Space is never neutral; it is always contested.
The question of who owns a space and who occupies it is a stubborn source of friction in culture and politics. It is a struggle that often “goes wrong, goes very wrong . . . but you must not worry because it might finish much, much worse…". Speaking of the Hungarian uprising in 1956 Picasso’s words call out an abiding truth for the ‘post-truth’ world we now inhabit.
Evading Picasso’s bleak prognosis, Cooper Gallery takes on the crucial tension between space and politics by asking who owns its space. Avoiding the small print of legal documents for an answer, Cooper Gallery with Two Night Stands declares that the ownership of the gallery belongs to the artists who occupy it.In a spirit of contesting space and politics, Cooper Gallery will be taken over by artists and collaborative groups between 17 March to 8 April. Breaking down the format of an exhibition into a sequence of immediate and impromptu appearances, Two Night Stands takes up a problem of space and politics discussed between Andre Cadere, an artist who pioneered institutional critique and the internationally esteemed curator Lynda Morris.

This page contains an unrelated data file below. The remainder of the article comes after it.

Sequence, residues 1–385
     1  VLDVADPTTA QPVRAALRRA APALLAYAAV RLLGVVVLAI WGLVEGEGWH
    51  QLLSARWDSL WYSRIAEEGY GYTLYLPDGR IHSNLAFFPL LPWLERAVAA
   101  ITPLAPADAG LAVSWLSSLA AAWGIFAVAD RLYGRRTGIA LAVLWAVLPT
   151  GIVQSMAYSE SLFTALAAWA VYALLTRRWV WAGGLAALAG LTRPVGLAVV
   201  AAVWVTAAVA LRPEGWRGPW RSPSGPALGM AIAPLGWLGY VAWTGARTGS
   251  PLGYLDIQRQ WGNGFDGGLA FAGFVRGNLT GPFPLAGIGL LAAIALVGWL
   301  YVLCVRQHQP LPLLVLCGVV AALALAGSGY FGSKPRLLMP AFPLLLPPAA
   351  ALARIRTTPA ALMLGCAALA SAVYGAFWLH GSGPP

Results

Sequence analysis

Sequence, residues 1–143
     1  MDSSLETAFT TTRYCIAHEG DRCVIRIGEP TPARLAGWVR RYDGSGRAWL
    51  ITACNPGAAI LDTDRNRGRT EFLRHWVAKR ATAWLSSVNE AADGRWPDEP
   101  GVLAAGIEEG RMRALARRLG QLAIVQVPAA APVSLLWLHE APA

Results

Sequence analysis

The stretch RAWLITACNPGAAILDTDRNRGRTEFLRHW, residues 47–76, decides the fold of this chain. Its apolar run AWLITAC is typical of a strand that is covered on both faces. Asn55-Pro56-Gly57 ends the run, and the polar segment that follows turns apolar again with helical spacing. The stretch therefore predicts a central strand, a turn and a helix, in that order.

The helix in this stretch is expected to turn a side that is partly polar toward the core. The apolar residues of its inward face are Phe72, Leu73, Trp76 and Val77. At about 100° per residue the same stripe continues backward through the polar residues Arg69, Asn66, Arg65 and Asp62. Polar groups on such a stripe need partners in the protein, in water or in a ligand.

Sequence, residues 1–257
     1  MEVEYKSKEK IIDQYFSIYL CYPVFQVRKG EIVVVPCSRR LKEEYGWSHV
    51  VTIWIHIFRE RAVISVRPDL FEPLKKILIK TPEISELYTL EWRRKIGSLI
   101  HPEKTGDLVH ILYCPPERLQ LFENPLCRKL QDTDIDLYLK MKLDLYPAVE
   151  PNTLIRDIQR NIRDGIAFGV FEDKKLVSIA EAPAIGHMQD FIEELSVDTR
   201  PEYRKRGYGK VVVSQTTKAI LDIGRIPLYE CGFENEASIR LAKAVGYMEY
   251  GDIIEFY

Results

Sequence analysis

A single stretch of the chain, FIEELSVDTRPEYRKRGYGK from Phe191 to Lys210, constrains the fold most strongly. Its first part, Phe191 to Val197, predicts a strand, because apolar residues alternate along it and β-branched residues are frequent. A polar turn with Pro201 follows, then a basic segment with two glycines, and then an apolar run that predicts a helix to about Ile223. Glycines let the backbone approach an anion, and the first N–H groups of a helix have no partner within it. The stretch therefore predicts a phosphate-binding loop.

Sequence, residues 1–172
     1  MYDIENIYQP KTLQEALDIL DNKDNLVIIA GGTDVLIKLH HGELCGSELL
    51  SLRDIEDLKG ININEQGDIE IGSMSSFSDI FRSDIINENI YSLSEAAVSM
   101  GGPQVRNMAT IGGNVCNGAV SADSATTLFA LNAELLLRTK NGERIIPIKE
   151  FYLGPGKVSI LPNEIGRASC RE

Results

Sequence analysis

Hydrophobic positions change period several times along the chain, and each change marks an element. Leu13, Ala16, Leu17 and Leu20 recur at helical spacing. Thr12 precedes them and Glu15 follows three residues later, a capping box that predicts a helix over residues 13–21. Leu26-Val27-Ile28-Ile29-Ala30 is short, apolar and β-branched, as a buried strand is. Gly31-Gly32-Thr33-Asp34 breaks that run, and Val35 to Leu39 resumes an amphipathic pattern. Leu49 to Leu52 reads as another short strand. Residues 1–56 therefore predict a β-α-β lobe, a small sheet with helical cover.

In 1975 inspired by a week of meetings with Andre Cadere in London pubs that just happened to be the locals of key figures of Conceptual Art and their dealers, Lynda Morris then developed Cadere’s idea that the ownership of a space came between an artist and their audience and organised One Artist – One Day. Lasting for two weeksit provided a space outside the conventions and constraints of the exhibition. Twenty-two years later it happened again at the Norwich Gallery in 1997, but this time it was daringly called One Night Stands co-curated by Morris and Kirsty Ogg. And now two decades later Cooper Gallery takes up the cause of space and politics from Morris and opens its doors for Two Night Stands with six ‘happenings’.